Chapters 2 -3 (Culture & Society)


Lecture Notes:

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CHAPTER 2: Culture

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I. Cognitive Components

  1. Knowledge: collection of ideas and facts about our physical and social worlds, which are relatively objective, reliable, and verifiable.
  2. Beliefs: more subjective, unreliable, or unverifiable

    * As mentioned previously, culture is a combination of subjective and objective beliefs, traditions, etc. It can be subdivided into the values and Norms of a society. By values, we mean socially shared ideas about what is good, desirable, or important. Which brings us to her shared ideas of a society, known as the 'Norms' of a society. Norms are rules that specify how people should behave.

    1. Specific rules dictating how people should act in a particular situation
    2. Values are the general ideas that support the norms

    * Values and norms vary from culture to culture. They {e.g. individualism/socialist collectivism] are subjective in nature, what is good in one society may appear bad in another.

    * Values and norms do change over time.

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II. Norms

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III. Symbolic Component

  1. * Symbol: anything that stands for one or more other things and provide the basis for human communication.
  2. * It is an essential part of culture. It provides the significant gestures and languages of a culture and a sub culture. It is an ongoing means of communication [e.g. slang] and provides the process for becoming fully human.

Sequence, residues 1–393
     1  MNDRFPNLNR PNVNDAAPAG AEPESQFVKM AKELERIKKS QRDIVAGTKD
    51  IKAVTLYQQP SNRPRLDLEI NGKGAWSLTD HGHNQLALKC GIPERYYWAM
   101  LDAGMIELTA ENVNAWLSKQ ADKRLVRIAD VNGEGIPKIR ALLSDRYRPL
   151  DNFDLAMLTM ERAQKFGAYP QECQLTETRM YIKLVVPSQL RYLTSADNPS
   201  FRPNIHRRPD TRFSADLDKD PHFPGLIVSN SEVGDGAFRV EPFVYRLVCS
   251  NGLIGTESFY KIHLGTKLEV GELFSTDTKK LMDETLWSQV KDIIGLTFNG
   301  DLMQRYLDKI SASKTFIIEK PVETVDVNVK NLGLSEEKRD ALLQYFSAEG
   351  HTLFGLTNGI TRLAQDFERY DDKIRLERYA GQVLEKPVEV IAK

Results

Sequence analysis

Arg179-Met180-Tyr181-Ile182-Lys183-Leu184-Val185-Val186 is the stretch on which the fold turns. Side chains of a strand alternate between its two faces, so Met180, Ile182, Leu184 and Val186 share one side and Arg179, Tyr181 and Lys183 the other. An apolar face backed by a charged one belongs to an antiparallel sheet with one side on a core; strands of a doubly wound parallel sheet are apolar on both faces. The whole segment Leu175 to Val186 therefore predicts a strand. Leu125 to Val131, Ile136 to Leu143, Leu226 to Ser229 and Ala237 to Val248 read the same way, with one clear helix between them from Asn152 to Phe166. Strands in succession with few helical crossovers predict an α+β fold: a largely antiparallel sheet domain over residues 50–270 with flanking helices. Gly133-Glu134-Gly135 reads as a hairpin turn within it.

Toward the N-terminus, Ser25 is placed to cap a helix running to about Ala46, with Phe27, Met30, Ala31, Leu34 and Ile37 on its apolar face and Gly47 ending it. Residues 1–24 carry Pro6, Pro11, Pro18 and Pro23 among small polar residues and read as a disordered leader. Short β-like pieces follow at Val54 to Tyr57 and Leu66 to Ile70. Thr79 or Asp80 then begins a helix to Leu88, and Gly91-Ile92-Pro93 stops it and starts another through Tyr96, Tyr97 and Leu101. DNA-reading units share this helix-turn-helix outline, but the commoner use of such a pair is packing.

1. Human communication is more flexible and open than that of animals, and it is sometimes employs kinesics, body language, and proxemics, the use of space in communication.
  2. Human symbols are arbitrary, that is there is no inherent connection between the word and the thing itself.
  3. Arbitrary means a word that mean whatever a group of humans have agreed it is suppose to mean. [e.g. Policeman/Bobby]
  4. Human Language is an open system, in that we can blend and combine symbols to express our ideas; whereas, animals have a closed system, they can't combine two or more signals at a time and it is limited to a specific set of messages.
  5. In all cultures high-status people tend to invade personal space of a lower-status person more frequently than the other way around.
  6. Edward Sapier: First to hold view that language influence the way we perceive the world around us. Sapier-Whorf hypothesis is the result of Sapier's beliefs which were further developed by his student Benjamin Whorf. It shows how languages structures our perception of the world and demonstrates the power of language in defining reality. [Hope Indians, no verb tense, no distinction between past and present; Eskimos, various words for snow to describe the different types]